Now I download one sample application for VBO test purpose.
In that application My OpenGL version shows as 4.4.0
Now I already have an application which is already using openGL lib so that I want to upgrade to VBO for rendering.
but when I update my code same as sample application it shows me a 1.1.0 version. so that I was unable to use VBO.
Then something’s wrong with the MFC code; e.g choosing indexed 8-bit palette drawing and other obsolete things a modern driver/gpu shouldn’t care about. I don’t have the MFC code nearby anymore, so I can’t see what it’s doing.
That’s what I also said. MFC is causing the issue by requesting an incredibly-obsolete PixelFormat configuration, that only the ancient GL1.1 software rasterizer supports. You need to fix MFC’s code or something.
Vishalvaza, your problem is quite normal for absolute beginner in OpenGL programming for Windows. Namely, Windows natively supports OpenGL only in version 1.1. If you need higher version you have to grab pointers to the functions directly from the driver. So, before going any further read the section Getting Started from the OpenGL Wiki.
[QUOTE=Aleksandar;1259661]How come? MFC has nothing with OpenGL.
Vishalvaza, your problem is quite normal for absolute beginner in OpenGL programming for Windows. Namely, Windows natively supports OpenGL only in version 1.1. If you need higher version you have to grab pointers to the functions directly from the driver. So, before going any further read the section Getting Started from the OpenGL Wiki.[/QUOTE]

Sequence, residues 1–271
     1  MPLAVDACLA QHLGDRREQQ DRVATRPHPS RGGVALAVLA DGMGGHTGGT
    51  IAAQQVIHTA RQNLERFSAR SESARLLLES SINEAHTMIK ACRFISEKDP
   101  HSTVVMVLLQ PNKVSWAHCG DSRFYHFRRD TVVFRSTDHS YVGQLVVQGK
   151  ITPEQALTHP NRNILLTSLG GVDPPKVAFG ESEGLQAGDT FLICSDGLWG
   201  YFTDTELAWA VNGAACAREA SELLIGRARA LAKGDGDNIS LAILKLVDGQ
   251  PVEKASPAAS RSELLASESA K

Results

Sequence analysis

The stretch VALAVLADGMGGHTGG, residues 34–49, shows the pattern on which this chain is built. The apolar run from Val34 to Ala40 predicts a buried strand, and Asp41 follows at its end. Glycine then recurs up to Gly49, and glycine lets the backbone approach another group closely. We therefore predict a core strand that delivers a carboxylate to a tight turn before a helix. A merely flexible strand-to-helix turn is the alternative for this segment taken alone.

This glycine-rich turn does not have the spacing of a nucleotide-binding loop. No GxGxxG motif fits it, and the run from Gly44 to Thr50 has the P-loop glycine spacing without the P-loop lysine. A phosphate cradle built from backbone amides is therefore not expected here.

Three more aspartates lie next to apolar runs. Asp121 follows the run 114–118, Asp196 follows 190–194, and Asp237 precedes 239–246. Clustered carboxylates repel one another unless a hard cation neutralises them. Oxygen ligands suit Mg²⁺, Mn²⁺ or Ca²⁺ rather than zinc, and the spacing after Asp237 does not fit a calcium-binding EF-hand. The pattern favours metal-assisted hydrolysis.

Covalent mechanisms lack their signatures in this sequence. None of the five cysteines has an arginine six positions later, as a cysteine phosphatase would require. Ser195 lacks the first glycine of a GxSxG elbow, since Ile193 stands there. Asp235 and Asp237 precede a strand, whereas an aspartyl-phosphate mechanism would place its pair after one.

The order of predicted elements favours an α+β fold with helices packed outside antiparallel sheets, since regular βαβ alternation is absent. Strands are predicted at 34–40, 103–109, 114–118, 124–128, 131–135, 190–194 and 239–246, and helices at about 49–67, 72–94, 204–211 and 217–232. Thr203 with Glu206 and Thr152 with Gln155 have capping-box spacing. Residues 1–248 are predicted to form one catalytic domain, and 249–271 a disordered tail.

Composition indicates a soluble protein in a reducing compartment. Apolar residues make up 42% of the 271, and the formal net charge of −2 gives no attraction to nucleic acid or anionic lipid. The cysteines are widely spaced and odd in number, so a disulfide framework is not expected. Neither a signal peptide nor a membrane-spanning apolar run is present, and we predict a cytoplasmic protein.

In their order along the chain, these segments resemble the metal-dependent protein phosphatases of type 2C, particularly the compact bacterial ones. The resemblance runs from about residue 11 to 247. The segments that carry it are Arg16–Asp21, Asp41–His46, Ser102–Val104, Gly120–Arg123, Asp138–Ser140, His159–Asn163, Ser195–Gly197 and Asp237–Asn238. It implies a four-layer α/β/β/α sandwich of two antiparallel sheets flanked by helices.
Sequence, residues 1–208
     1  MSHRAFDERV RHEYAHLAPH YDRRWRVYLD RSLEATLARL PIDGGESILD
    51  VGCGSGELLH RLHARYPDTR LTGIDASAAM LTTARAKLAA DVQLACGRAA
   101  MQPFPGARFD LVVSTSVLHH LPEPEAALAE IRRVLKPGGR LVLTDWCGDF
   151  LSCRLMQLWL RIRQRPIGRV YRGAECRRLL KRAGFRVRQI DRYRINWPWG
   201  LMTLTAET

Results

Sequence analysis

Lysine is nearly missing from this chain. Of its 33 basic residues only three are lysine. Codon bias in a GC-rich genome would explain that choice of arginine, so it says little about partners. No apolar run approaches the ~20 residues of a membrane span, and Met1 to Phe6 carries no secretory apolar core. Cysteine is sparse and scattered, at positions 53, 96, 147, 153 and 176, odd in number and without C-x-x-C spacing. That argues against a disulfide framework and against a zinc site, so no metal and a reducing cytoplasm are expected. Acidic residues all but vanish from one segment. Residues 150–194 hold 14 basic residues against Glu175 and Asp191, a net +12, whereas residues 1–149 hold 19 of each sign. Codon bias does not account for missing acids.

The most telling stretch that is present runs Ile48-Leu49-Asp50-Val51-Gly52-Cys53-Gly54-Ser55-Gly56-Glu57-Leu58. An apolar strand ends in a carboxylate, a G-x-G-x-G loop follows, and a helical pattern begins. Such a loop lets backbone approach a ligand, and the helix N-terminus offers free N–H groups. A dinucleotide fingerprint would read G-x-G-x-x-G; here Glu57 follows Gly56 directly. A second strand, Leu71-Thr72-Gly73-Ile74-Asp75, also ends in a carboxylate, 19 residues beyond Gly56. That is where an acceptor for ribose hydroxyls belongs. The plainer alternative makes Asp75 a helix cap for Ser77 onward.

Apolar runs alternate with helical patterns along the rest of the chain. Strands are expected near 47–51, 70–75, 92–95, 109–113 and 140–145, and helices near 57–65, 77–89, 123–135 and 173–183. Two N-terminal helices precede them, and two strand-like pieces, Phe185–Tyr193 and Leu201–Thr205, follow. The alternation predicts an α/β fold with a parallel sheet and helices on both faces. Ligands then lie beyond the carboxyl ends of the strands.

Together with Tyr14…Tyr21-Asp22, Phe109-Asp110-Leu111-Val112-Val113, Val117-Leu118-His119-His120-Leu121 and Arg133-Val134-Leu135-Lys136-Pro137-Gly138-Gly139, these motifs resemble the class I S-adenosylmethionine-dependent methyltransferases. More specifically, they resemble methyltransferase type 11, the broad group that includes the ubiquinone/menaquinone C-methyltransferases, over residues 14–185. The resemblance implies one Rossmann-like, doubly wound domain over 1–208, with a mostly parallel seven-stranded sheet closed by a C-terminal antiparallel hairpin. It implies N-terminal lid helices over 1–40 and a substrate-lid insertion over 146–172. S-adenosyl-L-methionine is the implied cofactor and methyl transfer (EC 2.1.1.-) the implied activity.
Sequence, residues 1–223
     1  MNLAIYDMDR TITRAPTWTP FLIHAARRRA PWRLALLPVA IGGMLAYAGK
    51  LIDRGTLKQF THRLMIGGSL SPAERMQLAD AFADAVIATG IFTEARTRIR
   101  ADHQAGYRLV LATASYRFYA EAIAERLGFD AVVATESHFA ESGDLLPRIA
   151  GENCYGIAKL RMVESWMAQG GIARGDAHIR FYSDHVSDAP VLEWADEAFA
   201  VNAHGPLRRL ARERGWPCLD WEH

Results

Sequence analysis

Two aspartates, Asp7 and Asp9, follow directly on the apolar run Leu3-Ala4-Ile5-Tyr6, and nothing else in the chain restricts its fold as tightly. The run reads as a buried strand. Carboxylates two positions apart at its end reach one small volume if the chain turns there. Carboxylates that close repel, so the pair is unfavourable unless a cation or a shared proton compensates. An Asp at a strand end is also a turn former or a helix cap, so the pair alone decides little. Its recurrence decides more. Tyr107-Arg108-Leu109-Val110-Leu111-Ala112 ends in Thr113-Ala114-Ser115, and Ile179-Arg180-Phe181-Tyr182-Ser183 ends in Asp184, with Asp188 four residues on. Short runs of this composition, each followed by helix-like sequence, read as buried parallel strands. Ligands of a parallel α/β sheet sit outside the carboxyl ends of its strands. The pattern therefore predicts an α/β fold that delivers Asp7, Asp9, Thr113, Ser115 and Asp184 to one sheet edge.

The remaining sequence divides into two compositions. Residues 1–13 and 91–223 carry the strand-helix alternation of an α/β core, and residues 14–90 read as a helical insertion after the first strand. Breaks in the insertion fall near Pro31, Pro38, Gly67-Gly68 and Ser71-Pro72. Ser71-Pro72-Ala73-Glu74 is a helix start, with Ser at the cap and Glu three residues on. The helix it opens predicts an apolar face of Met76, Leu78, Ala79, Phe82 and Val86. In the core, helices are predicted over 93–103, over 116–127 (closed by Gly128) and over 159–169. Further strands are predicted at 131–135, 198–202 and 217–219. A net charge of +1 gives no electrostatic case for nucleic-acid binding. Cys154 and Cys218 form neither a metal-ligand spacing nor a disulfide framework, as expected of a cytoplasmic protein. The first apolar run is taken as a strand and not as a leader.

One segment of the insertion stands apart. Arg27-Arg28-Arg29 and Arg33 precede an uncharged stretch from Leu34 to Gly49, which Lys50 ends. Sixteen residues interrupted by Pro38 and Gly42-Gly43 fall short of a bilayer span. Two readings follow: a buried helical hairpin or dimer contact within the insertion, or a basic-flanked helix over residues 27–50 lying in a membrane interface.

This is actually probably not what’s going on.
Even if you don’t grab the function pointers, glGetString (GL_VERSION) should still give you the highest version supported by your driver after context creation. If your window can support a hardware-accelerated pixel-format, and if your driver supports hardware-accelerated OpenGL, then this will be 3.x or 4.x on all current and reasonable drivers.
Since the OP has confirmed GL 4.4 support with a different program we’re certain that the driver supports GL 4.4 (as it should for a GeForce 610).
What the OP needs to confirm is if the diagnosis of GL 1.1 only being available is coming from a glGetString (GL_VERSION) or from the function pointers not being available. From the previous posts the former seems most likely, which means that Microsoft’s software implementation is probably being used. In that case the cause would be something in the window creation code not allowing a hardware-accelerated pixel format. The challenge is to find out what that “something” is, which is why we then need to see the context creation code.
Another possibility is that this is a laptop with NVIDIA Optimus and the Intel gfx card has an OEM driver which doesn’t have OpenGL support. The test program uses the NVIDIA (because it exports the NvOptimusEnablement global) but the OP’s own program is using the Intel (because it’s not exporting the global). A glGetString (GL_VENDOR) can be used to check for that, but again we just need more information from the OP before we can start diagnosing possible causes.
If the OP can post the results of both a glGetString (GL_VERSION) and glGetString (GL_VENDOR) first, we can start making some real recommendations that may actually work. If these indicate GL 4.4 and NVIDIA we will need to see the context creation code. Anything else is just guessing.